- Science as Art 2019-20 Winners
- Science as Art 2018-19 Winners
- 2019 Grand Prize Winner - Gregory Gicewicz Jr.
- 2019 People's Choice Winner - Jesse Adler
- 2019 Best Photography - Monica Babits
- 2019 Best Drawing/Painting - Willa Hua
- 2019 Best Sculpture - Jesse Adler
- 2019 Best Time-Based Art - Alain Sullivan
- 2019 Digital Drawing/Painting - Anna Ferguson
- 2019 Best Literary - Annie Ning
- 2019 Honorable Mention - Zeinab Alrubalee
- 2019 Honorable Mention - Jenna John
- 2019 Honorable Mention - Maite Iribarren
- 2019 Honorable Mention - Dakota Lewis and Juan Marco
- 2019 Honorable Mention - Joelle Fasig McElroy
- 2019 Honorable Mention - Peggy Randon
- 2019 Honorable Mention - Allison Thabit
- 2019 Honorable Mention - Natalia Martinez
- Science as Art 2017-18 Winners
- Science as Art 2016-17 Winners
- Science as Art 2015-16 Winners
- Science as Art 2014-15 Winners
- Science as Art 2013-14 Winners
My piece is an homage to the various nebulas, individual stars, and constellations that decorate our universe. Their awe-inspiring colors have been a recent discovery of this past century, and have often left people breathless with their beauty. When one thinks of space, there are an endless number of questions that pop up, such as “Are we alone in the universe”? I hope that my art helps to inspire people to learn more about space, and to continue to unlock all the secrets that our universe holds.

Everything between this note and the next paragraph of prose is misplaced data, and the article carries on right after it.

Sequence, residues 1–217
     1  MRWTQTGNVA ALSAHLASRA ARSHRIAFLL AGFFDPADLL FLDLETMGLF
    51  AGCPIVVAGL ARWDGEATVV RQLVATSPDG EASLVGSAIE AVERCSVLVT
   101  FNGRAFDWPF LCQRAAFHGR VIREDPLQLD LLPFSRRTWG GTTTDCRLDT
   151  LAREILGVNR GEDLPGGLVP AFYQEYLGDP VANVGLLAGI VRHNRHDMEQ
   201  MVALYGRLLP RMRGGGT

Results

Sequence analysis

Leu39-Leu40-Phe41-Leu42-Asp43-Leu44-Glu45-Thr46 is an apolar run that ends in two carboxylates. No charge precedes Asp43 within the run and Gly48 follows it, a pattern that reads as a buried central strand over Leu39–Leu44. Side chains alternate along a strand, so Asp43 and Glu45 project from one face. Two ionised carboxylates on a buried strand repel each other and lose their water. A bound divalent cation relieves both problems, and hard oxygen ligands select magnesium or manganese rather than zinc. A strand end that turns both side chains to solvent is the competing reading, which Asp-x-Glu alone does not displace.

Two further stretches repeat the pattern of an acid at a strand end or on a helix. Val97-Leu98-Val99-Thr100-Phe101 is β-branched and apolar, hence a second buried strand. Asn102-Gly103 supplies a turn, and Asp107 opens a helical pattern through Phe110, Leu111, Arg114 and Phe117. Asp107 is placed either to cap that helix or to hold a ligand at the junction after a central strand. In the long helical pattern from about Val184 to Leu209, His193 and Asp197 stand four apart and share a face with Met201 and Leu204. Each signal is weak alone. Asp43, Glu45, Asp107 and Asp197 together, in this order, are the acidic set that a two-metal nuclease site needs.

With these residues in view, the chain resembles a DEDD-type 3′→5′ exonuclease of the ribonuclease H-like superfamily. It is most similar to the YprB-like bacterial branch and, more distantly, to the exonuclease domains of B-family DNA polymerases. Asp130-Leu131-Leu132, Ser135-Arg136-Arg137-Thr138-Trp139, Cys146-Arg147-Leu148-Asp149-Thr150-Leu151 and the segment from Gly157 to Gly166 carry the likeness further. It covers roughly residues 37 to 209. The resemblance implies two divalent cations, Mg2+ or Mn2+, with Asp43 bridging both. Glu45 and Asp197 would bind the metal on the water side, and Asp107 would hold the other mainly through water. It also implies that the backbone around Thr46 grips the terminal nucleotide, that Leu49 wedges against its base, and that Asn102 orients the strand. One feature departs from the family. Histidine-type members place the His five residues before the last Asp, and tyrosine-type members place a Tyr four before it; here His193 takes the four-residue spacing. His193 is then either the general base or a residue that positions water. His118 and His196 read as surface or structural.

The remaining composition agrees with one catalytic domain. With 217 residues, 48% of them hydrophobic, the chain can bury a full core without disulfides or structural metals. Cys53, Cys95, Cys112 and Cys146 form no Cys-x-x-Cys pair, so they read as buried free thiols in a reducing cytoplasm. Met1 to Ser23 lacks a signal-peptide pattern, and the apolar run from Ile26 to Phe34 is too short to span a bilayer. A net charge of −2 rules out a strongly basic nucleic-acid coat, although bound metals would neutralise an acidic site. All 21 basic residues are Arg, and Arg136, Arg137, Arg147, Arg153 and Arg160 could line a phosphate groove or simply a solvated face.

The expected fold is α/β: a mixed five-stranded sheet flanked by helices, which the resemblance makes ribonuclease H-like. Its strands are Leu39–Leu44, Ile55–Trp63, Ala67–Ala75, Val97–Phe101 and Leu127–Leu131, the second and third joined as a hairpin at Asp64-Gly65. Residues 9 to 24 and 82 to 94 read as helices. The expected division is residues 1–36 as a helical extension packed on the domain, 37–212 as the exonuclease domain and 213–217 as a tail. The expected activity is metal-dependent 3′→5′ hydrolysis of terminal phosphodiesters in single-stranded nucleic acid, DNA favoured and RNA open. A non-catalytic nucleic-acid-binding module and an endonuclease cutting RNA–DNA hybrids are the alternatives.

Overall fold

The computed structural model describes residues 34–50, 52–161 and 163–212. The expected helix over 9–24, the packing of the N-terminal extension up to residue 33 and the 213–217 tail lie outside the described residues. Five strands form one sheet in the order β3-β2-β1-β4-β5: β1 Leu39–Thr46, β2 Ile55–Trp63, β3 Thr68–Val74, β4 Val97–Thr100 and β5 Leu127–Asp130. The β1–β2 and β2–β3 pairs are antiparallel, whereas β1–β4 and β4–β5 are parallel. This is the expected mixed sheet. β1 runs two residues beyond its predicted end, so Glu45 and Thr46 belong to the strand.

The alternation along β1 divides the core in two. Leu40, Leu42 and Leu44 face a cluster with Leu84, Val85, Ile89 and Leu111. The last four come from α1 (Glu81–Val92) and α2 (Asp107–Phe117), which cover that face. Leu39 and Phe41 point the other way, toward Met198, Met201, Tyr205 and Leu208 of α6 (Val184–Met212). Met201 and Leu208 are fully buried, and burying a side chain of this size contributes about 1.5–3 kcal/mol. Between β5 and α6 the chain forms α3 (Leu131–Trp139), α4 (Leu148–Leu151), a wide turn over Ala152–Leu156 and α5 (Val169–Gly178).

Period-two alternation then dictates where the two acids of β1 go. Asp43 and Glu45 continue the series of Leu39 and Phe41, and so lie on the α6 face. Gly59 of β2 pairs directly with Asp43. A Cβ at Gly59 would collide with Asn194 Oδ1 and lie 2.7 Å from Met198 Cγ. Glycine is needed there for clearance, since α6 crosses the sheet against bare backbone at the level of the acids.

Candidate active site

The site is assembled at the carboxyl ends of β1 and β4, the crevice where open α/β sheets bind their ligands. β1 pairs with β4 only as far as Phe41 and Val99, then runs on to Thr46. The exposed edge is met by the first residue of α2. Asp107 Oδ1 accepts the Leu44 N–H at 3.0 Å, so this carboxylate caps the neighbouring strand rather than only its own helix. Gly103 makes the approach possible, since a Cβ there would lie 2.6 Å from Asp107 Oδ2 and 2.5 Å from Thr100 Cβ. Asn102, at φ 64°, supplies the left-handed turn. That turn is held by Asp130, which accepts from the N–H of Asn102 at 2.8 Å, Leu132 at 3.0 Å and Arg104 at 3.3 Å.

My specific inspiration for the creation of my art piece was the horsehead nebula. Otherwise known as Barnard 33, the horsehead nebula is a dark nebula in the Orion constellation. It existence was first discovered in 1888 by a scottish female astronomer, Williamina Fleming, in at the Harvard College Observatory, an achievement that was shocking during its time due to the nebula being 1500 light years away from earth.
By using this specific nebula as my artistic inspiration, I also hope to highlight the presence of notable women in STEM who have often been ignored or belittled by their male counterparts simply for their gender identity. As a women in STEM myself, I have personally known the struggles faced by women when they enter a field that did not traditionally include them. That is why I turn to space, the final frontier, as further inspiration of a better life not just on earth, but in the rest of the universe as well.